When Edward Lofland crossed the border with his U.S. Marine Corps unit into Iraq in 2003, their mission was to secure the oil fields from Saddam Hussein’s troops. He hadn’t begun to contemplate post-military life. Driving into a hail of gunfire, his only thoughts were about staying alive.
But nearly two decades later, after a highly decorated military career that taught him innumerable skills, he can see that making the transition from U.S Marine to Kumon Instructor was a natural educational journey for him.
From his engineering degree at the University of Delaware to his master’s degree in global business, along with the slew of graduate courses he took in the Marine Corps, Lofland always had his eye on continuing education. Now, as a Kumon Instructor, he’s continuing that tradition with his own children and those at the center he opened at the onset of the pandemic, in March 2020.
“I really love the benefits it provides the community,” he says. “Getting kids that are behind and getting their confidence up so they are advancing is really, really exciting.”
Veterans are prevalent throughout the franchising industry. According to the International Franchise Association’s (IFA’s) VetFran program, 14 percent of U.S. franchise owners are veterans. That’s one in seven. VetFran focuses on educating veterans and facilitating their entry into franchising. Lofland is one of many veterans who became a Kumon Instructor following his military service.
Lofland knew from a young age that he wanted to pursue a career in the military, graduate from college and travel the world. He set that goal for himself when he was 7 years old.
During his secondary school days, he earned good grades, received numerous academic awards and was heavily recruited by the Marines. He wanted to pursue electronics and engineering. The Marine recruiters saw he had the scores to get into the U.S. Naval Academy, but he would have to wait until the spring to attend. He was anxious and wanted to get out of his neighbourhood, and spring was too far away.
So, he decided to enlist. But after finding an anomaly in an EKG, his doctor recommended he go to college first and refused to sign off on his physical. He headed to the University of Delaware, where he graduated with a bachelor’s degree in engineering. From there, and with a clean bill of health, he joined the Marines and soon found himself in combat.
During his military career, Lofland served several combat tours in Afghanistan, Iraq, Syria and Kuwait. But life in the military wasn’t all about active combat missions. He also served in various roles in Japan, South Korea, Malaysia, Singapore, China, Philippines, Thailand, Italy and Germany before retiring as a major.
He eventually met his wife, Elizabeth, who also happened to be his colonel’s daughter. Today, the couple have been married 15 years and have five children.
As his military career was ending, he began debating what he wanted to do and researching business opportunities that fit his skills and personality. Kumon was the perfect fit.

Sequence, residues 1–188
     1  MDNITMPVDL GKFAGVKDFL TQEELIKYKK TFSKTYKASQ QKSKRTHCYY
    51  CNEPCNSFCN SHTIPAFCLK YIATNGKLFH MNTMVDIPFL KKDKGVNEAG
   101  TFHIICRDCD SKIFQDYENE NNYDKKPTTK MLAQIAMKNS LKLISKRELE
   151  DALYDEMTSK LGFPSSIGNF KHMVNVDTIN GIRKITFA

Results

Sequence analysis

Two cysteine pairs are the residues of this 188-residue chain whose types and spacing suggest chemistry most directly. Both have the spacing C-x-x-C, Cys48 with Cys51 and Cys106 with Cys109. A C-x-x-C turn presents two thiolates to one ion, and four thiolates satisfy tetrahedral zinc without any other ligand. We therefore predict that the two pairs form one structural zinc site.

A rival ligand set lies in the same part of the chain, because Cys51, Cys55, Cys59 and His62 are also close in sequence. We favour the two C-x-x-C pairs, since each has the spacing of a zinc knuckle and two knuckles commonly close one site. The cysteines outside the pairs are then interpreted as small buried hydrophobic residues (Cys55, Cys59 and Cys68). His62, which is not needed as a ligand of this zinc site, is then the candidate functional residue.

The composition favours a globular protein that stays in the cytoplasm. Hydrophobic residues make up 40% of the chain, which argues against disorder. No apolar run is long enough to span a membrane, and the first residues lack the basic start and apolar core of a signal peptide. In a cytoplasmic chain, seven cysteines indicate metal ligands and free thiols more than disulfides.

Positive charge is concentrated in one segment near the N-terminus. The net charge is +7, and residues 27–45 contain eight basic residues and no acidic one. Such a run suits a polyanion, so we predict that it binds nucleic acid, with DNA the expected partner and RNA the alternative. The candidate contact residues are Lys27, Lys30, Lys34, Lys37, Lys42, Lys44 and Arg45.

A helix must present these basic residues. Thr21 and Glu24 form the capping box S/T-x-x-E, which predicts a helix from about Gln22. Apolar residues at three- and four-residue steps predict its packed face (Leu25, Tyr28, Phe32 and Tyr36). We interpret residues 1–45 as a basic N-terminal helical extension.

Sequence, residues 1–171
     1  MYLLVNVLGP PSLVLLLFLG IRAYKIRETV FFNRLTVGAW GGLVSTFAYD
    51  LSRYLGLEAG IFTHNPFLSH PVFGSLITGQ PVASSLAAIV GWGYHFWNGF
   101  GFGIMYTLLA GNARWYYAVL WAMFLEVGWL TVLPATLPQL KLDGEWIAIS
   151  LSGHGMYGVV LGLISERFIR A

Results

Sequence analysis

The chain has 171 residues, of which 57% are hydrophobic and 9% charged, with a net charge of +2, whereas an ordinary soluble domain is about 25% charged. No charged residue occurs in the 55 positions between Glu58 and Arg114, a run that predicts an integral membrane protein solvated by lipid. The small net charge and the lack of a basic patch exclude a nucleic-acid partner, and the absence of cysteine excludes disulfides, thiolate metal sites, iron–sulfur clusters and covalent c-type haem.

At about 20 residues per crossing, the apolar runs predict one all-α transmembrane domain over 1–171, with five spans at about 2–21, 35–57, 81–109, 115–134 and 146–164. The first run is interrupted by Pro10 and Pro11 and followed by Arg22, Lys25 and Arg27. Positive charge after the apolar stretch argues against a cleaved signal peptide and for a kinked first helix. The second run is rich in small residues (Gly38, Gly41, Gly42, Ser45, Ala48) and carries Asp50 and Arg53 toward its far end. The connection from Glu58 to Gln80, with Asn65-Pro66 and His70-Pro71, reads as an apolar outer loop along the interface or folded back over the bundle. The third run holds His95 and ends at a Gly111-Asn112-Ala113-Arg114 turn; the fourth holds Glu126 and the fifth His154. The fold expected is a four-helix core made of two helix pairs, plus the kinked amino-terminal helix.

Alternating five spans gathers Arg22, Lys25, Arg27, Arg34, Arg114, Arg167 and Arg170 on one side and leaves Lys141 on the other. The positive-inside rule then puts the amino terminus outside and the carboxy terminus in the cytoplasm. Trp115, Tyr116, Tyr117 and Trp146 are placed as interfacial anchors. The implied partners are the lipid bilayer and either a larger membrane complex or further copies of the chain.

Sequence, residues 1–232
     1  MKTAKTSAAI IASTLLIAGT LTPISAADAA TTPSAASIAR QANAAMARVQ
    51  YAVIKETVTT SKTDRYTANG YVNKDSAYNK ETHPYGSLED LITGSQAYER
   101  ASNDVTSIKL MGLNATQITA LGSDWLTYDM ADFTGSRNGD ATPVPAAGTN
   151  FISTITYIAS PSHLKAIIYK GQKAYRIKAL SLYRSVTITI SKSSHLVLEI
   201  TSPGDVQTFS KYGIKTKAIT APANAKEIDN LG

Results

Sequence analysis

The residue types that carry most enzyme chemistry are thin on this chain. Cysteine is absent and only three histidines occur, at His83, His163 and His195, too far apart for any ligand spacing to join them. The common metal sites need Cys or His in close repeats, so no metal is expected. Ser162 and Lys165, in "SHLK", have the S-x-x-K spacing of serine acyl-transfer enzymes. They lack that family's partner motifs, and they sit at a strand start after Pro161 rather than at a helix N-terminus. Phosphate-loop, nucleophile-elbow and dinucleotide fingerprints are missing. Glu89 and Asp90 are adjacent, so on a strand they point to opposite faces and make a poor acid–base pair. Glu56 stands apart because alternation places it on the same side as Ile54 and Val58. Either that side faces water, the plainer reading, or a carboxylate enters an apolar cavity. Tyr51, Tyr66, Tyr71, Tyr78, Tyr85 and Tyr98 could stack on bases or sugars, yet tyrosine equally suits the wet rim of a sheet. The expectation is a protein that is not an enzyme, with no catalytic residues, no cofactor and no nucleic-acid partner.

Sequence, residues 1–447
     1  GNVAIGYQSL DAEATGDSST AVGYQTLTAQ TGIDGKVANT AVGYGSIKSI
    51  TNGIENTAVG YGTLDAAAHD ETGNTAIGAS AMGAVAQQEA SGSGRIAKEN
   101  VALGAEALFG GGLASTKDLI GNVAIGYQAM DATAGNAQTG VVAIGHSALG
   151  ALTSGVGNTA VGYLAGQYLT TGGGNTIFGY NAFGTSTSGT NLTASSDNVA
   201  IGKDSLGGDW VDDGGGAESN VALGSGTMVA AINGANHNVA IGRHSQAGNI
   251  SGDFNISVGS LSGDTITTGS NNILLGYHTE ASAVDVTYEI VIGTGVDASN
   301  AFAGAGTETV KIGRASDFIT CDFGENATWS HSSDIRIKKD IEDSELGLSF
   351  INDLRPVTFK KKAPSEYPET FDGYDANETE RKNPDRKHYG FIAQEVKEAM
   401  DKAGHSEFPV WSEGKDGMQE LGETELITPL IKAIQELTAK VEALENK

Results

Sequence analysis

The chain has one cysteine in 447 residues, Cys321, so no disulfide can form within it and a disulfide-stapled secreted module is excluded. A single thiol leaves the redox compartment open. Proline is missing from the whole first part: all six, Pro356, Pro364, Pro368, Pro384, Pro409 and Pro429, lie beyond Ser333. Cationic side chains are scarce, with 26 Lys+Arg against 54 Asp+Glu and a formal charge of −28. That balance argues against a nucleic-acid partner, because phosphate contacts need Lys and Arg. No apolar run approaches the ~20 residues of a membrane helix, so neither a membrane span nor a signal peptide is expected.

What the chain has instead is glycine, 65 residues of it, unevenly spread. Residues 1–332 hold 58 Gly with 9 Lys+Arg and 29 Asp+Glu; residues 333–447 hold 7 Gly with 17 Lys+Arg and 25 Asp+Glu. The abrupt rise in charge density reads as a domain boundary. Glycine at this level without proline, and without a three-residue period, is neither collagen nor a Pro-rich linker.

His wife first learned about Kumon on base in Okinawa, Japan, and they eventually enrolled their children.
“I didn’t really want to work for anyone else,” he says, laughing. “I’ve been in the Marine Corps and served, so I didn’t want to do that. I wanted to start a business. I just needed to pick which one. Kumon, to me, was a no-brainer. I loved it and wanted to invest in my kids.”
Lofland’s mother had taught him the importance of math skills at an early age.
“I loved math,” he says. “That’s just me. But I think if (students) understand it and do it all the time, it becomes part of life. And they are then able to put things together. Combined with the reading program and critical thinking, that was the icing on the cake.”
He was sold on the idea of Kumon and contacted the company’s North American office before he left the service to let them know that he was about to retire in Virginia Beach. Coincidentally, there was a center available there.
“I love the program and I love what it did for my kids,” he says. “I love the idea of being a self-learner and love the idea of contributing to the community.”
But he also saw where he could make a significant impact in a child’s life as an instructor.
“They need to understand it’s a global world and they need to be prepared for it,” he says. “And the best way to be prepared for it is knowing the fundamentals of math, reading and understanding critical thinking. By doing that, they will learn more about the world around them.”
Lofland is proud of his service in the Marines and as an instructor.
“I love the United States,” he says. “I’ve dedicated my life to it. This, to me, is the way to continue my dedication, not just for my family, but also to my nation.”
He also finds the skills he learned during his time in the service helped him overcome obstacles, including the onset of a pandemic in the first month he was open.
“The leadership I learned in the military and the people skills – leading groups, leading organizations, planning huge events – those things now make everything easy,” he says.
He now has students who have been in the program for two years, and they are doing great, he says. “When they get an understanding of, ‘Hey, I can do this,’ it’s just awesome.”
Register for an introductory seminar to learn more about the Kumon opportunity.